Tapping may be the most common method for putting threads into a hole, but it is not always the best method. Difficult to cut materials, small hole sizes, or threading close to the bottom of a blind hole can push the limits of tap capabilities. An alternative way to create threads and overcome these hurdles is through the use of a thread milling cutter. Spiralock all-carbide thread milling cutters can be made to suit specific customer applications by adjusting the cutter diameter, neck length, and number of threads.
Advantages of Thread Milling
How Thread Milling Works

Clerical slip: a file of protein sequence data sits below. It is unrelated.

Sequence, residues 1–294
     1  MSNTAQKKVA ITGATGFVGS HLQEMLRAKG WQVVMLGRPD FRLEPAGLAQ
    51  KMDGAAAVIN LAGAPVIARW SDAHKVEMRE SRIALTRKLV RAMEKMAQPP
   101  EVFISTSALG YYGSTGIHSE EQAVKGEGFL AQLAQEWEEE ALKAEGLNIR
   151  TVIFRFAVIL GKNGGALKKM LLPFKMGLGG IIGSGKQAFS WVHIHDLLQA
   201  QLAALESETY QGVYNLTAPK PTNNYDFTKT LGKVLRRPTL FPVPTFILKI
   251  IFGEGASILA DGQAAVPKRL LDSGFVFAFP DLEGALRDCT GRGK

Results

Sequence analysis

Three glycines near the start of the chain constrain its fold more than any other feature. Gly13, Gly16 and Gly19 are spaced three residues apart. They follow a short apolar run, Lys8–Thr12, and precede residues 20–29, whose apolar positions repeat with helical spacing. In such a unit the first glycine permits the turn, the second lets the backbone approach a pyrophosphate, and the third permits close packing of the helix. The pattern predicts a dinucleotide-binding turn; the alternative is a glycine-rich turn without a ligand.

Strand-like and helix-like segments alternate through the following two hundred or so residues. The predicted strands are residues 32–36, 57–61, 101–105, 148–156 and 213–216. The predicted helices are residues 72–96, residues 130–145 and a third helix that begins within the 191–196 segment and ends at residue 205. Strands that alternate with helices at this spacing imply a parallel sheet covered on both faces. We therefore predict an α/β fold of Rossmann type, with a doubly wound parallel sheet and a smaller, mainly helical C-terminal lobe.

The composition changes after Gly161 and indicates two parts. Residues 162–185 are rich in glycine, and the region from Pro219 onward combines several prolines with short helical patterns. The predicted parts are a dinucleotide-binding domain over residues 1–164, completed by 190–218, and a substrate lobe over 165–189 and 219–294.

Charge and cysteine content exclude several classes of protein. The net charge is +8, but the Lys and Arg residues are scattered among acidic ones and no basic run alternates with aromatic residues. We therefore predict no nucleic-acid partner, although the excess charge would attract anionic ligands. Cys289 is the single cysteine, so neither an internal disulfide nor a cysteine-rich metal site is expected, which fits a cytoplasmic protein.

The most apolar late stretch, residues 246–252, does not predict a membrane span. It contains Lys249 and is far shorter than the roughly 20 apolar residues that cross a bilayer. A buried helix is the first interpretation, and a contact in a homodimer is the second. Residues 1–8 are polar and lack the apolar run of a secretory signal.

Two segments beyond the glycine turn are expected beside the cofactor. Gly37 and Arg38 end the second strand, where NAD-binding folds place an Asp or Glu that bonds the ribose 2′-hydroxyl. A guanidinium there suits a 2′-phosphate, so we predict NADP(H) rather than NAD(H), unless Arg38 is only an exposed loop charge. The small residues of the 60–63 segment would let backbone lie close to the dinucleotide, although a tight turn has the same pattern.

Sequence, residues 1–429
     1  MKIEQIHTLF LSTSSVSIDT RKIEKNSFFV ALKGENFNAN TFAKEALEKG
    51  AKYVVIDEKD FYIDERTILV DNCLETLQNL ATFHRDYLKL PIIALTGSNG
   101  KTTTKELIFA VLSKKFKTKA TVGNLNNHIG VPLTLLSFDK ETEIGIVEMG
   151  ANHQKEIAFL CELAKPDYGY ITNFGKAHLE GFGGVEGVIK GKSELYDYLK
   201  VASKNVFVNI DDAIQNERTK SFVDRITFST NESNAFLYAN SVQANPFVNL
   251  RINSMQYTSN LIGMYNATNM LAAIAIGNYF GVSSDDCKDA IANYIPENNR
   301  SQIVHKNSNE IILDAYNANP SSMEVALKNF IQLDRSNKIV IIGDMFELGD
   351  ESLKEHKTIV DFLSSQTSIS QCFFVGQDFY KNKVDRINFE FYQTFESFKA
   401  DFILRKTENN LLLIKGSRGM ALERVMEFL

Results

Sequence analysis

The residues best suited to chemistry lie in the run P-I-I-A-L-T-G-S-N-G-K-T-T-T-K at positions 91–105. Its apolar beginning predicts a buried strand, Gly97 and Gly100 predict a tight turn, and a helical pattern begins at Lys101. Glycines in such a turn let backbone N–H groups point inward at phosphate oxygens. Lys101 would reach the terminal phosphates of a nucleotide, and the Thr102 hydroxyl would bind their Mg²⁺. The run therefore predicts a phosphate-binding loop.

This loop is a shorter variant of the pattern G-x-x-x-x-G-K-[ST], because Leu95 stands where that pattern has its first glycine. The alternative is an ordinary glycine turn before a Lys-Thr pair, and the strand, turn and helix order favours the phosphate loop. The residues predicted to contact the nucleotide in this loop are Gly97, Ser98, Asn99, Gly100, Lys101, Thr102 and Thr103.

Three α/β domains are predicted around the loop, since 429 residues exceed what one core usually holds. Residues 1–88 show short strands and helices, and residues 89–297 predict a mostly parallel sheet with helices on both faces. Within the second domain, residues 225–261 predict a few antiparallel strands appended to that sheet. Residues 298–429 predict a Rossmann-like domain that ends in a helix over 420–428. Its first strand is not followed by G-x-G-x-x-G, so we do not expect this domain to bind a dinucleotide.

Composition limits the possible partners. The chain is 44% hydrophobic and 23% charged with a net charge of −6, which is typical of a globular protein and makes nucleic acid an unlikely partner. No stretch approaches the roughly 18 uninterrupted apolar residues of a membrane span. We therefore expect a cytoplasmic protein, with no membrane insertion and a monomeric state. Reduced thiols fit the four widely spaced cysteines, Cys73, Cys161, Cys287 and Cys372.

In thread milling, the workpiece remains stationary while the thread mill rotates at high speed and moves along a helical path. The tool is moved into position above the hole and then lowered into the hole before beginning the cut. The tool then moves out radially to touch the wall of the workpiece and begins its helical climb back out of the hole, controlled by a CNC program. Chip load and wear on the tool can be controlled by making several passes to generate the full thread profile. Thread milling speeds and feeds are dependent upon material tensile strength, hardness and elongation characteristics. Spiralock can assist customers in choosing a thread mill and recommending speeds, feeds, and number of passes.